Having a difficult conversation with employees, either as a group or one-on-one, is never an easy thing to do. A negative performance review or a poor corporate earnings report can adversely affect employee morale and future productivity.
There are ways, however, to deliver bad news that can mitigate the impact it has on the employee and on the existing relationship with the messenger. The key is in leading the conversation with respect and sensitivity to how the news is likely to be received by the employee.
Here are seven tips that can help to guide the conversation effectively and promote a positive experience the next time difficult news needs to be delivered:
What Do You Want To Accomplish?
Decide on your objectives before you engage with the employee. List the points you wish to address and the outcome you are anticipating. If the discussion begins to drift from this path, return to your list of points and stay on track.
Empower the Employee
Give the employee an opportunity to present their side or to address the points you are making from their point of view. Show the employee your willingness to listen to what they have to say and they will be less likely to feel threatened or defensive.
Be Specific, Avoid Generalities
Make certain you cite specific events or behaviors without making general statements. Negative generalities can be interpreted as a personal attack. Specific incidents, on the other hand, can be improved upon and that improvement can be measured.
Observations, Not Absolutes
Sensitive issues should be presented as observations made from your perspective, not as absolutes. Observations can leave less room for argument in the discussion. However, be certain to only leave room for negotiation if you are willing to consider it. In cases of a termination, maintain a firm and direct stance without room for argument.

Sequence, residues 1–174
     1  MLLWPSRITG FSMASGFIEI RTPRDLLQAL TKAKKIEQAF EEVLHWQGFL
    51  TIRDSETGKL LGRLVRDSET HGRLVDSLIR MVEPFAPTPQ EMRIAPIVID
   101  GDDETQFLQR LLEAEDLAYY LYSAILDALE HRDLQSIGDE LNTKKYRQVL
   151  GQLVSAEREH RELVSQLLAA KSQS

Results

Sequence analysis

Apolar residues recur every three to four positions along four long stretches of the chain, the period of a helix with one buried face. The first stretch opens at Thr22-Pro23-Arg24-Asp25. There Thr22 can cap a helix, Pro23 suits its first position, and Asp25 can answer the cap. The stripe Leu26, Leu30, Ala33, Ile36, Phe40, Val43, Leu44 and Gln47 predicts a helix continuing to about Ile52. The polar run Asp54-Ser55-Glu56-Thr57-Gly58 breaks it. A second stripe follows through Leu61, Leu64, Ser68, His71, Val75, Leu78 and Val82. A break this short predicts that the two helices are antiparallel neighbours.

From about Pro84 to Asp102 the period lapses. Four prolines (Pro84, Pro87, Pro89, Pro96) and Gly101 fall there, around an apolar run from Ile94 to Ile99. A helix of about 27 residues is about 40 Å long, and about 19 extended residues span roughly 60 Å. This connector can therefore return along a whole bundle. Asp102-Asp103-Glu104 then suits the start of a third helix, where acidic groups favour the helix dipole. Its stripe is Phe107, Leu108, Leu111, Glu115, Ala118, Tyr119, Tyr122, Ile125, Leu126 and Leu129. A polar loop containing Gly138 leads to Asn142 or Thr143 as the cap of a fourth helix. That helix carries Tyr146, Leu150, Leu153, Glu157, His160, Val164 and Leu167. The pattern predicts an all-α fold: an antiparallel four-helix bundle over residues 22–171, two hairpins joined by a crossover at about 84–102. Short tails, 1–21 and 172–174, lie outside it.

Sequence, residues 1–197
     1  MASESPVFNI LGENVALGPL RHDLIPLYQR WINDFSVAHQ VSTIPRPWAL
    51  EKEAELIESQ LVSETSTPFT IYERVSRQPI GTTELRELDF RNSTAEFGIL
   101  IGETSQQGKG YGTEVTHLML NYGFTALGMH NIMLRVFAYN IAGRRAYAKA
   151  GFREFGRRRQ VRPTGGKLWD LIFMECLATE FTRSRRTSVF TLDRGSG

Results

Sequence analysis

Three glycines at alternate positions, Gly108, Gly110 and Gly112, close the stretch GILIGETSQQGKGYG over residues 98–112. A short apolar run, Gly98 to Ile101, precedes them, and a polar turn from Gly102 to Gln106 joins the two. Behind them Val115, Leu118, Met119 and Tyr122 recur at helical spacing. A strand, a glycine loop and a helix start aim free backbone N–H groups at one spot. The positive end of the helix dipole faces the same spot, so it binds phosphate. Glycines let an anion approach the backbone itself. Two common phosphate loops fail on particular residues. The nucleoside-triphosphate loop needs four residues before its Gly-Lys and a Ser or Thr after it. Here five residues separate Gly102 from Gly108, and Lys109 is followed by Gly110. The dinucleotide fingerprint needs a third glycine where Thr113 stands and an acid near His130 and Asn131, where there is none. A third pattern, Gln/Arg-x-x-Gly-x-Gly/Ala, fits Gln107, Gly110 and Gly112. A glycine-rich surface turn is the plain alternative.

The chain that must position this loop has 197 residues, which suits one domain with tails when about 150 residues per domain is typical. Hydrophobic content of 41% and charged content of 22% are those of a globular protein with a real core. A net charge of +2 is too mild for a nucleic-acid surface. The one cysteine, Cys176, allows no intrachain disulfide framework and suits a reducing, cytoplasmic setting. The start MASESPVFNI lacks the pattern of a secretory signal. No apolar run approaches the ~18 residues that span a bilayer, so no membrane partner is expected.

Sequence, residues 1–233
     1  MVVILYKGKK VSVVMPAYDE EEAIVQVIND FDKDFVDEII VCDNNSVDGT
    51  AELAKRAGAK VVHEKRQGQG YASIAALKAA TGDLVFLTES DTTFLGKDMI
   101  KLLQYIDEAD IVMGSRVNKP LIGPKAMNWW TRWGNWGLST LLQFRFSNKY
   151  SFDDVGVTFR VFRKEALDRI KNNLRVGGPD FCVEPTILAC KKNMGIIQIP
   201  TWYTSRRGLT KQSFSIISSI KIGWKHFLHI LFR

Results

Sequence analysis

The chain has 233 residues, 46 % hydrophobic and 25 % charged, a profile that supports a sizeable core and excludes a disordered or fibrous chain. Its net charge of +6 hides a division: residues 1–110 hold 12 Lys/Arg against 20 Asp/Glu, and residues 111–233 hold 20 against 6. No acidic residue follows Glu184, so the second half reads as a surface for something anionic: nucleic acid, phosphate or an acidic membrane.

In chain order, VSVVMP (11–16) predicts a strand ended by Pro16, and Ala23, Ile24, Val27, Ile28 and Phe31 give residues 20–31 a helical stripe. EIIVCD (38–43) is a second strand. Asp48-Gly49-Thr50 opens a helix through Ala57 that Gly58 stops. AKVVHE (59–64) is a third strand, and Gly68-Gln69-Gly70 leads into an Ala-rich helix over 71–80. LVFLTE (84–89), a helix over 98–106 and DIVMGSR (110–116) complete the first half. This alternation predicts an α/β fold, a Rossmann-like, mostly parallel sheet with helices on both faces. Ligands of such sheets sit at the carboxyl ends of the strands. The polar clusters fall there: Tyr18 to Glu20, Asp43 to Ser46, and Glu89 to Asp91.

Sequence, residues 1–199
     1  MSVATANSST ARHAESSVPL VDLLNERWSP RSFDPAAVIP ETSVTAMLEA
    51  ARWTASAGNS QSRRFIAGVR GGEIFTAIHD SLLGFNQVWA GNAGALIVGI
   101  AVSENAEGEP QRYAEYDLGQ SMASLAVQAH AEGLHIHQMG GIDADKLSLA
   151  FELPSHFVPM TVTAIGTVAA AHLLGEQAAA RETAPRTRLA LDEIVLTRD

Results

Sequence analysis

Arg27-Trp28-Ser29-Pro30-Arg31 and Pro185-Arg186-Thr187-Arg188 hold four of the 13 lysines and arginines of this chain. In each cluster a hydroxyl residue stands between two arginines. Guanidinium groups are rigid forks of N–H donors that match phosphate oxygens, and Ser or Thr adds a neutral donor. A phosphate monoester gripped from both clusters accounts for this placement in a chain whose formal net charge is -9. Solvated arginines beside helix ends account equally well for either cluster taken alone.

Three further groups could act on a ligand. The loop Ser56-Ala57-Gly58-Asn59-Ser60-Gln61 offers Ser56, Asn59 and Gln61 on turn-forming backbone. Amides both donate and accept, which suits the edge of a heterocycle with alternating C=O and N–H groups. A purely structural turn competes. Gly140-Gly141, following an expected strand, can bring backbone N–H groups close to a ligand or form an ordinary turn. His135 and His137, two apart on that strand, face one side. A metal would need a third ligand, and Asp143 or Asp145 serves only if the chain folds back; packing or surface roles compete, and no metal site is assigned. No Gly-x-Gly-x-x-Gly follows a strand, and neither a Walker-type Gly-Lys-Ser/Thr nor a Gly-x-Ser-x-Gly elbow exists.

Accountability without Blame
Provide context when framing an issue that needs to be addressed. If a specific goal has been missed, suggest circumstances that may have contributed to the situation. The employee is still responsible for overcoming those obstacles, where possible, to meet the goal. Knowing management understands the situation beneath the surface will motivate the employee to improve going forward.
Turn the Conversation Into a Learning Experience
After the difficult news has been delivered, do not end the conversation on that note. Discuss with the employee how improvements can be made and help to create a plan of action going forward. Interject advice based on your own experiences in a similar situation. This will help the employee feel supported and will also demonstrate your willingness to assist them.
Dignity and Respect
Keep all conversations on a professional level, maintaining dignity and respect on both sides of the table. Even terminations, which are non-negotiable, can be presented in such a way to allow the employee to maintain their self-esteem and exit the meeting gracefully and without feeling defeated.
If you’d like additional help conducting difficult conversations, please contact a member of CAI’s Advice and Counsel Team at 919-878-9222 or 336-668-7746. You can also sign up for our e-Learning course, Difficult Conversations. Please visit our website at www.capital.org and look under the training tab.
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